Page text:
I talked rapidly as my doctor looked over my chart, hoping
that he would not notice that Iíd not had a mammogram in two
"How long since you had a mammogram?" he asked. I
had to admit to the truth since he had it right there in front
of him anyhow.
"The nurse will make you an appointment," said the
doctor, knowing Iíd probably never get around to it.
"Do you perform monthly self exams?" he asked. It
seems you canít just go to the doctor any more and get a
checkup. They always find something else that needs testing or
checking, so you have to go back.
I arrived at the womenís clinic on the appointed morning
feeling a bit like a watermelon before a Gallagher performance.
"I donít have you down for today," said the
receptionist. Oh, good, maybe I can get out of this after all.
"But we will work you in," she continued. Just my
luck. I donít know how I got mixed up about the day. Selective
memory, I suppose.
I filled out the mountain of paperwork that they required,
answering all the highly personal questions again, even though I
had been to this clinic before, and even though I was there only
two weeks prior to this. Why they need to know how old I was
when I had my first child, or whether Iím allergic to latex Iím
still trying to figure out.
Anyhow, they finally called my name and I went in the little
dressing room and put on the little cape, in preparation for my
grand entrance. Iím sure I looked smashing in the latest
designer medical attire.
"No history and no specific problems? Just a routine
Yes, I nodded dumbly, wondering why I just filled out all
that paperwork since apparently nobody looked at it anyhow.
As I went into the room with the torture machine, my brain
told my body to run away, out through the waiting room, past the
other grim-faced women, and out the front door screaming, with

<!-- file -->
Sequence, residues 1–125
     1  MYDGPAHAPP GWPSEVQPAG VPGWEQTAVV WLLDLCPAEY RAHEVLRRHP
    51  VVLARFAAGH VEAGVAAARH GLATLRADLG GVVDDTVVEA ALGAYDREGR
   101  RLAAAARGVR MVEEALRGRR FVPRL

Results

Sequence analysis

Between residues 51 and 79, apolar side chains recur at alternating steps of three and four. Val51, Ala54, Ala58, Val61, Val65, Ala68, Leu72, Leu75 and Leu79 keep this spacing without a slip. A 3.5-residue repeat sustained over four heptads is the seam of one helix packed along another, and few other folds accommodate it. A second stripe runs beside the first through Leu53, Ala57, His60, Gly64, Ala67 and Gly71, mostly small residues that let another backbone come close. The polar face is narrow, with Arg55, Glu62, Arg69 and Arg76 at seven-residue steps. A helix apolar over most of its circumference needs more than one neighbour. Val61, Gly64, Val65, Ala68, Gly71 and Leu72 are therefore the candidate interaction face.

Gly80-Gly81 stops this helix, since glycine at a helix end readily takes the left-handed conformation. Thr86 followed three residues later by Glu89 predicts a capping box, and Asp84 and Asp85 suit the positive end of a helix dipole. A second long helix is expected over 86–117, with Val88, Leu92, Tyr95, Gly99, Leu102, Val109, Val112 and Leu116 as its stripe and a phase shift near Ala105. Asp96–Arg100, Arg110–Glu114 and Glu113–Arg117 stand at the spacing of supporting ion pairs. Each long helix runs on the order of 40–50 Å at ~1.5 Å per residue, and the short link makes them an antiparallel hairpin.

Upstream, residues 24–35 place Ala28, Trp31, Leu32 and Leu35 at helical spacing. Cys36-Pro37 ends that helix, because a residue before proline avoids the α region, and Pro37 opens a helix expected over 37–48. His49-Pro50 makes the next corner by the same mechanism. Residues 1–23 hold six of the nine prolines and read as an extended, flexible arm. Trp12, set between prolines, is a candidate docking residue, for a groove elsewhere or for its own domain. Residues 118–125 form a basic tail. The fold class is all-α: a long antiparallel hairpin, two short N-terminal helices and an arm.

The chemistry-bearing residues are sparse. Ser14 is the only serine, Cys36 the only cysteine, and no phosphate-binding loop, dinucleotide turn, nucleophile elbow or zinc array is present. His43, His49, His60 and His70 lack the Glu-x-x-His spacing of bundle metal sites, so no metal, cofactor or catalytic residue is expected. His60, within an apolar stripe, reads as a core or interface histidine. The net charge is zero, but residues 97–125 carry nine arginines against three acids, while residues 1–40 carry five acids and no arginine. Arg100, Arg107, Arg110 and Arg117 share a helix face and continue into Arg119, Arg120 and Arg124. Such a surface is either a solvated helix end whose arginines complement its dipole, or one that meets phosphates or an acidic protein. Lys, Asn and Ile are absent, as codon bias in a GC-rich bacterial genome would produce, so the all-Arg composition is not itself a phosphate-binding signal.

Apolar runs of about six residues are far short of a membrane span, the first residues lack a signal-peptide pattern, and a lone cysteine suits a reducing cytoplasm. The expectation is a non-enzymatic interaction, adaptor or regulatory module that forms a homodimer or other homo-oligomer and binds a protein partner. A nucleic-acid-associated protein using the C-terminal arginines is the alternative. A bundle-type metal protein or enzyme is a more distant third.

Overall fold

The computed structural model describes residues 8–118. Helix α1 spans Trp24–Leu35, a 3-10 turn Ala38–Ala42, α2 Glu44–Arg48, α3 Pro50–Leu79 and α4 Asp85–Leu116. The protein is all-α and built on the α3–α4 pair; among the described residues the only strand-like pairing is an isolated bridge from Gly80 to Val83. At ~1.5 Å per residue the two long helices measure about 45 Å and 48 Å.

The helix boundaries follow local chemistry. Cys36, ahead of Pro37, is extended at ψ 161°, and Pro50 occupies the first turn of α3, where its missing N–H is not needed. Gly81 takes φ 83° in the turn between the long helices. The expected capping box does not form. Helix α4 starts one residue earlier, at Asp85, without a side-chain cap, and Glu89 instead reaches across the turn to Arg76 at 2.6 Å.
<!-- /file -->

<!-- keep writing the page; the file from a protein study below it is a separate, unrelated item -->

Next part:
my cape flying in the wind. But all I did was bravely
step up to the machine and wait for Nurse Gallagher to perform
her sadistic duties.
What man invented the mammogram machine anyhow? It had to be
a man. No woman would ever invent a machine that feels so much
like medical malpractice. No, I donít want to have cancer, and
I know about all the women whose lives have been save by a
simple mammogram. So why am I afraid?
"Do you perform monthly self-breast exams?" asked
Nurse Gallagher, as if I could think of anything other than
being smashed with a giant mallet.
This will only take a few minutes, " she promised, as
the machine hummed and I held my breath, waiting to pass out.
At last the ordeal was over and I gratefully returned to the
dressing room to check out the damage.
"We will call if there is a problem," said the
receptionist. "Your doctor will have the results by
So, Iíll return to my normal routine, feeling a bit black
and blue in unspecified places, but otherwise none the worst for
my ordeal. But not every woman will. Of the eight women in the
waiting room, statistics say one of us will have breast cancer
at some time in her life. This year, 39,800 women will die of
As I strolled smugly out the door, I was very pleased with
myself for taking care of my health. I felt a slight twinge of
pity for the women in the waiting room diligently recording the
history of their life, which will most likely never be read.
Now that it is all over, I canít imagine why anyone would
feel embarrassed or afraid.